We long suffering bleacher bums came to Wrigley Field rain or shine if they were on top or scraping bottom to cheer them on to victory, and each season held out new hope that this was going to be THE year for the Chicago Cubs. Side bets on just about everything made things a bit more interesting, so whether our heroes won or lost, it meant that someone was going home a little richer, and some just hoped for revenge at the next game. We claimed one piece of territory in a section of the bleachers and always sat together. Sometimes we'd allow someone new to join us, like a young sun worshiping beauty (Merideth Donahue) or an overbearing kid (Tom Bailey) who could recite all the statistics, but a rabid fan from the opposing team (Christin Chamberlin (Mitchell) could expect nothing but harassment as she did her best to degrade the Cubs.
During early rehearsals, everything was going along fine while we were still reading from the script, but one night I questioned the director (Rob Clydesdale) about something I noticed with the dialog that needed some attention. Unlike most scripts where the conversation followed a conventional path of questions and answers and monologues, there were only a few sections that weren't interrupted by reacting to what was going on in the game. We needed a cue that would tell us to how we should be reacting at that moment. As we neared opening night and this had not yet been worked out, we were never sure if it was a time to "Yay" or "Boo." It was a struggle to get through the show without confusion and making errors. We needed an unmistakable visual signal telling us how to react.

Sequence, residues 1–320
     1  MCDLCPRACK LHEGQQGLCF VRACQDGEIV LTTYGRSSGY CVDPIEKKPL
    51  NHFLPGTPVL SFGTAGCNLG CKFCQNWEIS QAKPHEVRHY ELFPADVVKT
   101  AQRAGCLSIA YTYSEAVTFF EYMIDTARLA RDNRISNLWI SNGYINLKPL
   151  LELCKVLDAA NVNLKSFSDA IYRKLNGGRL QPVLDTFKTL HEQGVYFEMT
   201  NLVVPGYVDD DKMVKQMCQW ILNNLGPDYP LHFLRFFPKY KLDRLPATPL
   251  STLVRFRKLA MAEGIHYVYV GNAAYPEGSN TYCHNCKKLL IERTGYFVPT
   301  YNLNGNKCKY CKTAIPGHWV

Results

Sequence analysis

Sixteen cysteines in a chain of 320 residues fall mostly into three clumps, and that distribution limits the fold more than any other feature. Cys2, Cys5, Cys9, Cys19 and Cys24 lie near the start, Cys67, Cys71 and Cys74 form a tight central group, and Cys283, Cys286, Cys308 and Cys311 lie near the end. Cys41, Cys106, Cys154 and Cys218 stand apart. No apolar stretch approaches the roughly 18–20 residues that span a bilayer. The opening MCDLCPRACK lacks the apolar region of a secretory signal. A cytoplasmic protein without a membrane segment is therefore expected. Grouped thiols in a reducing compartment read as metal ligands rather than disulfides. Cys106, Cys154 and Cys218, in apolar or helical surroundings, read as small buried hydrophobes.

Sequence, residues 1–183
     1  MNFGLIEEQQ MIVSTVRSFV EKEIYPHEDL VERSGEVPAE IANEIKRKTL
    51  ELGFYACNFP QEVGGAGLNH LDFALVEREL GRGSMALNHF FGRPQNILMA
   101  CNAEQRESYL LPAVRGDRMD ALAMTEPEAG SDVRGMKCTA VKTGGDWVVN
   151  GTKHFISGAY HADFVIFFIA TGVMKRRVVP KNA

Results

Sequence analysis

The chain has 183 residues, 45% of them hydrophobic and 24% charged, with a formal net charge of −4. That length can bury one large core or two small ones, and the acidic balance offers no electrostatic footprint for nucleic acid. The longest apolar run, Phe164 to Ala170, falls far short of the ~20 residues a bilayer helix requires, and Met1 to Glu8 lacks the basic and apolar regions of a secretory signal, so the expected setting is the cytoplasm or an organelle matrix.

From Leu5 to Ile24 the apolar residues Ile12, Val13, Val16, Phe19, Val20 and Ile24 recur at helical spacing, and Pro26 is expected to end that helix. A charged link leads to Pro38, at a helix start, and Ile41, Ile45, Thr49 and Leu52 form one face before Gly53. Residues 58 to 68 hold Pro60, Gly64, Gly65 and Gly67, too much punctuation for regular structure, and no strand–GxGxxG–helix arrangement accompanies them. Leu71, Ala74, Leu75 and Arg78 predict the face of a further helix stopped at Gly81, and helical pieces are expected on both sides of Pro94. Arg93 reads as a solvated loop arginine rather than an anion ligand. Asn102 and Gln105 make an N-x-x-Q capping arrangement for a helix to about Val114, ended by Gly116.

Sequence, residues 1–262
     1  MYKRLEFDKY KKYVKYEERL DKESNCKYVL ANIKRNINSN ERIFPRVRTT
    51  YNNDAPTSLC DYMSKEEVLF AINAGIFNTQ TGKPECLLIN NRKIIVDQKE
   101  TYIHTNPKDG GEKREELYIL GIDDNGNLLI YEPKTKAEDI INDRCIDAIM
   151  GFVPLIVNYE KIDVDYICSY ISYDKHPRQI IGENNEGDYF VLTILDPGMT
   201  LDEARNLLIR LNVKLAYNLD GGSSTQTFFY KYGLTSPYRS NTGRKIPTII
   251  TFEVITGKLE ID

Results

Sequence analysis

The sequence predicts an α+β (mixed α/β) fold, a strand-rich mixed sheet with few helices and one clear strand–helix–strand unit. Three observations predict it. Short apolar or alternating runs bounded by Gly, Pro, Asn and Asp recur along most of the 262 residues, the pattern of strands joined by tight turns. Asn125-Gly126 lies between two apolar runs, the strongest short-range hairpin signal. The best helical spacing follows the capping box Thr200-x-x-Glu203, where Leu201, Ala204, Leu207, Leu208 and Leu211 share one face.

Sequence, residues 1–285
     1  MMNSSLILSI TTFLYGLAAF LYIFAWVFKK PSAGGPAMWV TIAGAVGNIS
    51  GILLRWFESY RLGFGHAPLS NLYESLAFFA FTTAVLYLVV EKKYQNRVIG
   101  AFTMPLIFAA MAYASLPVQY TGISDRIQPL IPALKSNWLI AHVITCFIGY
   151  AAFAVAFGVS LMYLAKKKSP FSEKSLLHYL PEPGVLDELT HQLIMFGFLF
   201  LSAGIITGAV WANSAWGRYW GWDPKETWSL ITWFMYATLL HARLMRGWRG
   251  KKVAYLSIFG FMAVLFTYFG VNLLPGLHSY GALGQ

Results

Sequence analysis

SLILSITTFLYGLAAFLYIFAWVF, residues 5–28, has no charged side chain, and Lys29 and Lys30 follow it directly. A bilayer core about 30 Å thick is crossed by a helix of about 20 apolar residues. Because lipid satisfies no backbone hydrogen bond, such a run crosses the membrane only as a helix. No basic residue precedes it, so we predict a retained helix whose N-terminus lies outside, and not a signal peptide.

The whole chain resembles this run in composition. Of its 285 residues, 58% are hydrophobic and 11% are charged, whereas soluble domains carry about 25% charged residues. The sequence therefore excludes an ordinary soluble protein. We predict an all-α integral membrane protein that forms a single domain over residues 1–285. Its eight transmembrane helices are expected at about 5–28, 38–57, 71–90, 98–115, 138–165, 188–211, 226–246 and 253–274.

One night sitting at home I remembered a kids "Playskool" flashlight that I found at a yard sale. It had a switch that allowed you to change the color of the light from red to white to green. We used the green to cheer for a Cubs hit or run, and red to "Boo" when they were struck out, or the Cardinals scored in any way. We could all see it easily in the darkness of the sound booth. One problem solved! ...The bigger problem was that we had waited too long to get this worked out and in the process, we were never able to learn our lines. My solution was to write out every one of my cues, and what "Zig" Zigowski said and tape it inside my game program. So after every play, I pretended to write something in the program when I was actually checking out my next cue and line. Jennifer Rexius, who played my wife had her lines on index cards inside her purse. Scot Smigel who sat on the other side of me had his lines written on paper inside his program allowing him to see his next line. Steve Seaborn was lucky since he sat hidden behind Scot and me so he just held his script in his hands. Best of all, Matt Boehm played a blind man with sunglasses on so no one could see him look down at the bleacher in front where he had taped pages of his lines. Tom, Christin and Merideth were the only ones who were able to learn their lines. The true challenge with this show was to fool the audience into thinking we all knew what we were doing. I have checked the DVD several times, I'm sure that no one in the audience could tell we were cheating!
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